November 25, 2018
Expansion from a Single Point
Sanford Baran: It is a pleasure to gather again allowing the fineness of spirit in each of us to be known in this shared space. We come in the name of the Lord, which means that our greatest love is to offer that which is of the most high, qualities of character that carry the essences of nobility, fineness and beauty. In allowing these essences to be our own there naturally is a heartfelt expression of thanksgiving, an offering of gratitude for what is above—that which brings life and vitality everywhere.
Just a few days ago, the holiday of Thanksgiving was celebrated here on the North American continent. For many it is a wonderful time to be with family and friends, a time to appreciate these precious connections one with another and the abundant blessings that have been generously extended to us in so many ways. Indeed, it is useful to have a day set aside specifically to share in such a spirit, a collective offering of real appreciation that vibrationally uplifts and blesses the world around. In fact, maybe multiple Thanksgiving holidays during the year would be beneficial. Full disclosure, this talk is not being underwritten by the Turkey Growers of America!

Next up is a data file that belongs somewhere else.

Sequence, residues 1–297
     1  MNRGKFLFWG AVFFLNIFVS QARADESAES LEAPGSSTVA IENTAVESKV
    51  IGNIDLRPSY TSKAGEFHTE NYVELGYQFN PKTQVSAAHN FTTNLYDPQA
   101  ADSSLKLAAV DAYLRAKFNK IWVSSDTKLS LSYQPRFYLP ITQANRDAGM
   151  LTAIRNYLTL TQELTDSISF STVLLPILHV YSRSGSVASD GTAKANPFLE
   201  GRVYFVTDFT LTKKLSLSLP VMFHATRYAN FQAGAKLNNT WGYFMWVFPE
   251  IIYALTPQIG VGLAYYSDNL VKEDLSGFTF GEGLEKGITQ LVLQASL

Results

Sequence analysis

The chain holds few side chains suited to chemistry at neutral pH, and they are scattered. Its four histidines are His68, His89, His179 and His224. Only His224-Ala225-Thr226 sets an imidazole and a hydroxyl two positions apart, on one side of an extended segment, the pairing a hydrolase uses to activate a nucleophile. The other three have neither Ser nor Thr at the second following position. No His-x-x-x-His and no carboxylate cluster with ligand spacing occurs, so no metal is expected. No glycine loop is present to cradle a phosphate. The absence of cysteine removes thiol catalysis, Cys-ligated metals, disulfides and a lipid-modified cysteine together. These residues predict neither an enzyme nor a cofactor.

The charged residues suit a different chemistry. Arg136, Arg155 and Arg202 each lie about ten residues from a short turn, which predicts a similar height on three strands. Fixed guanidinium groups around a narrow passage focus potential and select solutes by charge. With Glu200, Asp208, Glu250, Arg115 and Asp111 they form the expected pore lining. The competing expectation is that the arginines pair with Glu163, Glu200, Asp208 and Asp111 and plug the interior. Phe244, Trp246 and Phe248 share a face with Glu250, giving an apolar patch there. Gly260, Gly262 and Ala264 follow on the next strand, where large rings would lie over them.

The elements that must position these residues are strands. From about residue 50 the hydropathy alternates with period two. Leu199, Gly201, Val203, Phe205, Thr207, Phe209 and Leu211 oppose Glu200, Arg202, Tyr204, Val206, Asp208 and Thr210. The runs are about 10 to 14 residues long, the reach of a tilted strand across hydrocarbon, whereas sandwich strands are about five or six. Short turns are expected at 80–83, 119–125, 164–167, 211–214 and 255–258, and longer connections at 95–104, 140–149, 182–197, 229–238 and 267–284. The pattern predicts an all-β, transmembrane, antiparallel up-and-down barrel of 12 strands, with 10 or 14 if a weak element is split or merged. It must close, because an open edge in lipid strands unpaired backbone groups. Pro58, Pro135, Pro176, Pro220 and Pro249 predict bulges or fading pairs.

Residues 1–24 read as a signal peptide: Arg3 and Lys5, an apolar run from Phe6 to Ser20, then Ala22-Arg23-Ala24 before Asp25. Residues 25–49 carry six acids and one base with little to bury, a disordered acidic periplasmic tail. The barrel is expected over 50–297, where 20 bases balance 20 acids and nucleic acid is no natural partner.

But there is a caveat. Regardless of how often we gather to give thanks it is never something that can be forced or faked. Merely going through the motions of offering appreciation is of little use. It must be genuine if it is to have any real value.